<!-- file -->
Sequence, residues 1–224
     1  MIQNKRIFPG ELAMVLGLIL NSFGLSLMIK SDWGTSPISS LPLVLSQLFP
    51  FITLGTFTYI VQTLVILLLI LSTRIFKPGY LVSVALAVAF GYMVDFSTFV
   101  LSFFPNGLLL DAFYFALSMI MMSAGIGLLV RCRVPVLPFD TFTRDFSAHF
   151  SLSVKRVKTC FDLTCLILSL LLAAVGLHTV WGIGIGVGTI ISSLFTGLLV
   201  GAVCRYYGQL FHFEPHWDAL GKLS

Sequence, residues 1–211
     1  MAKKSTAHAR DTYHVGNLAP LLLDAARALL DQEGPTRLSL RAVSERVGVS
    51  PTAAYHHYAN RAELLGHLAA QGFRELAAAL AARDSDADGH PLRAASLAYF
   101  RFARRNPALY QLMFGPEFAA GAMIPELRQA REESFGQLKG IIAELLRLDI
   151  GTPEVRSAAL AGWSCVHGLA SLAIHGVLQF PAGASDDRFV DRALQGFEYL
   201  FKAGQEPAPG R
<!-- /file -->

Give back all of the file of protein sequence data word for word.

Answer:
Sequence, residues 1–224
     1  MIQNKRIFPG ELAMVLGLIL NSFGLSLMIK SDWGTSPISS LPLVLSQLFP
    51  FITLGTFTYI VQTLVILLLI LSTRIFKPGY LVSVALAVAF GYMVDFSTFV
   101  LSFFPNGLLL DAFYFALSMI MMSAGIGLLV RCRVPVLPFD TFTRDFSAHF
   151  SLSVKRVKTC FDLTCLILSL LLAAVGLHTV WGIGIGVGTI ISSLFTGLLV
   201  GAVCRYYGQL FHFEPHWDAL GKLS

Sequence, residues 1–211
     1  MAKKSTAHAR DTYHVGNLAP LLLDAARALL DQEGPTRLSL RAVSERVGVS
    51  PTAAYHHYAN RAELLGHLAA QGFRELAAAL AARDSDADGH PLRAASLAYF
   101  RFARRNPALY QLMFGPEFAA GAMIPELRQA REESFGQLKG IIAELLRLDI
   151  GTPEVRSAAL AGWSCVHGLA SLAIHGVLQF PAGASDDRFV DRALQGFEYL
   201  FKAGQEPAPG R